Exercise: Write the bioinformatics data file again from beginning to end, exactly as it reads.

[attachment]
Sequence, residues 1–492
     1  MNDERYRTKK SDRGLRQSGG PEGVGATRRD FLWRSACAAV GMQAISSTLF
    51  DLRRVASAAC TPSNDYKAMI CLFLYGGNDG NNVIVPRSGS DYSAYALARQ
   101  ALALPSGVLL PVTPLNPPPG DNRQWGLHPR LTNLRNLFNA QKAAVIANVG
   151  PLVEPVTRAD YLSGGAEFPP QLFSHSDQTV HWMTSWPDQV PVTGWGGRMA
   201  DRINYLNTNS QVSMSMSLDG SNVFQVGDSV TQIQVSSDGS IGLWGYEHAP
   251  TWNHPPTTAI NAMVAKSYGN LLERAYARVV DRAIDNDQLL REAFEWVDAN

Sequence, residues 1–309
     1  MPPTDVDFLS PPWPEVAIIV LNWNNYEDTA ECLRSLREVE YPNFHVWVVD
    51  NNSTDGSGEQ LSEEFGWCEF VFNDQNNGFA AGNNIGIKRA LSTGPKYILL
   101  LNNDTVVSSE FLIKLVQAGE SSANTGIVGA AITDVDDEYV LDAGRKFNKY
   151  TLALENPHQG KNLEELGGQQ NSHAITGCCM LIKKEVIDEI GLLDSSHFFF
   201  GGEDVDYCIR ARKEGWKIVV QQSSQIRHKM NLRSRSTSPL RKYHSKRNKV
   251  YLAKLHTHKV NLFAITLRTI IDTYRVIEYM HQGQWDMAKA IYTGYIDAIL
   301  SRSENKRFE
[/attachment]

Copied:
Sequence, residues 1–492
     1  MNDERYRTKK SDRGLRQSGG PEGVGATRRD FLWRSACAAV GMQAISSTLF
    51  DLRRVASAAC TPSNDYKAMI CLFLYGGNDG NNVIVPRSGS DYSAYALARQ
   101  ALALPSGVLL PVTPLNPPPG DNRQWGLHPR LTNLRNLFNA QKAAVIANVG
   151  PLVEPVTRAD YLSGGAEFPP QLFSHSDQTV HWMTSWPDQV PVTGWGGRMA
   201  DRINYLNTNS QVSMSMSLDG SNVFQVGDSV TQIQVSSDGS IGLWGYEHAP
   251  TWNHPPTTAI NAMVAKSYGN LLERAYARVV DRAIDNDQLL REAFEWVDAN

Sequence, residues 1–309
     1  MPPTDVDFLS PPWPEVAIIV LNWNNYEDTA ECLRSLREVE YPNFHVWVVD
    51  NNSTDGSGEQ LSEEFGWCEF VFNDQNNGFA AGNNIGIKRA LSTGPKYILL
   101  LNNDTVVSSE FLIKLVQAGE SSANTGIVGA AITDVDDEYV LDAGRKFNKY
   151  TLALENPHQG KNLEELGGQQ NSHAITGCCM LIKKEVIDEI GLLDSSHFFF
   201  GGEDVDYCIR ARKEGWKIVV QQSSQIRHKM NLRSRSTSPL RKYHSKRNKV
   251  YLAKLHTHKV NLFAITLRTI IDTYRVIEYM HQGQWDMAKA IYTGYIDAIL
   301  SRSENKRFE